It’s the beginning of the new year — a time for fresh starts and new projects. People are planning their New Year’s Resolutions from spending more time with family to joining the local gym. We all have ways in which we want to improve our lives in the upcoming year. As we look to better our lives and those around us, there is one thing that we often take for granted and may not be thinking about — our vehicle.
1. Check and Change Your Oil
Our cars are a part of our family; trusty and true for years on end as we drive to school, work, vacation, soccer fields, and countless trips to shopping centers and grocery stores. Unfortunately, they need a lot of maintenance to run smoothly. If your car made it through a tumultuous 2016, here are some important annual car maintenance tasks to think about for 2020.
Part of maintaining a healthy vehicle is making sure it is properly lubricated. Get routine oil changes or change your oil yourself and check oil levels frequently (every month). Changing oil regularly is vital; otherwise you’re risking permanent damage to your vehicle.
Make 2017 the year you make the habit of checking your oil level frequently. While some people may recommend checking your oil every time you refill the gas tank, once a month will do the trick. Set a reminder on your phone so you never forget this important car maintenance task.
2. Learn How to Change a Tire
Every car owner should make the resolution to learn how to change his or her own vehicle’s tire. Sure, calling roadside assistance is great, but what if you don’t have AAA, cell service, or your membership expired? There might always come a time when you need to know this important skill.
3. Take Care of Your Tires
It is very obvious when you have a flat tire. But it could be less obvious when your tires are low, worn, or ready to be replaced. When your tire is underinflated, your gas mileage goes down and your risk for a flat goes up. When the tire is overinflated, you run the risk of a dangerous blow-out. It’s time to use your tire gauge and find out how much air you need to put back in.
Stick-type tire gauges are the most unreliable so we recommend spending a little bit more for a digital or dial-type gauge. You can get these at your local auto-parts store or online. Refer to your owner’s manual for the proper tire pressure. This is usually between 30 and 35 PSI.
Gas stations as well as local tire stores will usually fill up your tires for free. All you to do is take the time to notice.
4. Drive Safely
Do NOT text while driving! This is extremely careless. If you must use your phone on the road, use a hands-free device and don’t take any calls during hazardous driving conditions. Don’t write down notes or look up things on your phone while driving. If you must place a call, do so at a red light, stop sign, or parking space.
Deaths from car accidents are often the most preventable – remember how important it is to all parties on the road to stay vigilant and focused. Everyone wants to get home safely. Vow to drive safer this New Year.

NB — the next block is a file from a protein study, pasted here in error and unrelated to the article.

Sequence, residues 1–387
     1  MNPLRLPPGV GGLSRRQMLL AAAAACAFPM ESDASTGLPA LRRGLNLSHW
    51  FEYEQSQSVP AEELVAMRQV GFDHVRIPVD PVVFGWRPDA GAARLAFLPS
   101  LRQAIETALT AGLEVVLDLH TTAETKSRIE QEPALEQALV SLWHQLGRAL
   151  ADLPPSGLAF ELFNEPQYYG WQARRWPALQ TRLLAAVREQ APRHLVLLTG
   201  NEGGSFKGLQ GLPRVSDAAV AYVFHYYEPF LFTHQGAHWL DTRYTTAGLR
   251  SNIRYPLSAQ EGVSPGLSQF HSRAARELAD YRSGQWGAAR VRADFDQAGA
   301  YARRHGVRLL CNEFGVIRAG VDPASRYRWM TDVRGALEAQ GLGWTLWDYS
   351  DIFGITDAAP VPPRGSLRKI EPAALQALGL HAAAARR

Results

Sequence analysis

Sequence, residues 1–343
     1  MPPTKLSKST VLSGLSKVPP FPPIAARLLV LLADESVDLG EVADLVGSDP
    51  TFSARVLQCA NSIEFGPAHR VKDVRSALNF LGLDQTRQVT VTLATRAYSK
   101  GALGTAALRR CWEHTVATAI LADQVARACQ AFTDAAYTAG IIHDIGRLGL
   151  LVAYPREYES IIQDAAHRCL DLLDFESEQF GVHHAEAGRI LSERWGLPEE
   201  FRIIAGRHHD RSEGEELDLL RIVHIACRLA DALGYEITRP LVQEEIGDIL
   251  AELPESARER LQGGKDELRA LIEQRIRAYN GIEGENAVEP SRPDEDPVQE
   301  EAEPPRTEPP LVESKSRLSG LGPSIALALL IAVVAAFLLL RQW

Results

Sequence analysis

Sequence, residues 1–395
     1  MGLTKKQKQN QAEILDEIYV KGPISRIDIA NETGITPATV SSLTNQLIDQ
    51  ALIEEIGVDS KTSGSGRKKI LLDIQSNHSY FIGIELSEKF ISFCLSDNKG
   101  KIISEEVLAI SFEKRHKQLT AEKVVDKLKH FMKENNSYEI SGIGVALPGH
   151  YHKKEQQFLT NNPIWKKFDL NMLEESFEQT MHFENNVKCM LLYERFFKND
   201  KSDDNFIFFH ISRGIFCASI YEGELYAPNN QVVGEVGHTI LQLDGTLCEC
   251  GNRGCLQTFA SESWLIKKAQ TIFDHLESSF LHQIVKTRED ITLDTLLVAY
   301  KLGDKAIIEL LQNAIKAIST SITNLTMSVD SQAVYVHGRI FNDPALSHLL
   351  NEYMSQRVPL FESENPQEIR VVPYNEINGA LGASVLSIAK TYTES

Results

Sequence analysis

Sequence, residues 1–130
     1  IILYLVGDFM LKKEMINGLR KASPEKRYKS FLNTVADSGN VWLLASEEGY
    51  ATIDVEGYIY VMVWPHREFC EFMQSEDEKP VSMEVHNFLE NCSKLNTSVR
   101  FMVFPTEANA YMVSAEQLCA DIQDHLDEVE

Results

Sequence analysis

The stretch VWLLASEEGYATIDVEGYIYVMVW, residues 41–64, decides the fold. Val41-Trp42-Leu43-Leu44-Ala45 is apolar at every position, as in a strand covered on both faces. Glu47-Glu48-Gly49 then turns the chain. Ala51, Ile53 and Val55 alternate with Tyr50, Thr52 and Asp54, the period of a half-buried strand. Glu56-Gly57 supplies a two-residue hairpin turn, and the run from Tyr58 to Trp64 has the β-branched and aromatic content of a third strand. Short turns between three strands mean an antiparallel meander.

5. Learn How to Jump-Start a Vehicle
Are you the person who sees someone stranded on the side of the road and drives by hoping that a more capable person with the correct tools can come to the rescue? Even though jumpstarting a dead battery is very easy to do, too many people rely on AAA or a generous driver to come to the rescue.
Everybody should know how to jumpstart a dead battery. Not only can you save your own hide, but you can also come to the rescue for someone else.
To prevent being stranded on the side of the road or looking a fool when someone asks for your help, a good car resolution is to learn how to jumpstart a car.
Be extra careful and make sure the jumper cables are connected to the right areas! There is a risk of electrocution. Red = positive. Black = negative.
6. Check Fluids & Follow Maintenance Schedule
Professional maintenance is necessary to keep your car running properly all year. This includes fluid checks and changes, tire rotations, and general inspections. Check your owner’s manual for a recommended maintenance schedule. If you lost yours, Google it. By regularly checking your car’s fluid levels and replacing them as necessary, you can ward off most car repairs.
Motor Oil: check monthly.
Transmission Fluid: check monthly.
Coolant (Antifreeze): check twice a year.
Brake Fluid: check every time you change your oil.
Power Steering Fluid: check monthly.
Windshield Wiper Fluid: check monthly.
Set calendar reminders on your phone and make notes of levels. Replacement schedules vary by car, so double check your owner’s manual rather than relying on what your mechanic has to say.
As an added resolution to the New Year, once you’ve mastered the mechanical and essential, attempting to keep your car clean is the cherry on top. Don’t use your car as a trash can and keep your car clean from salt, grease, grime, acid rain, sap, dead bugs, and other things that can eat away at your paint and damage your vehicle. This will help you a lot if you ever decide to sell your car.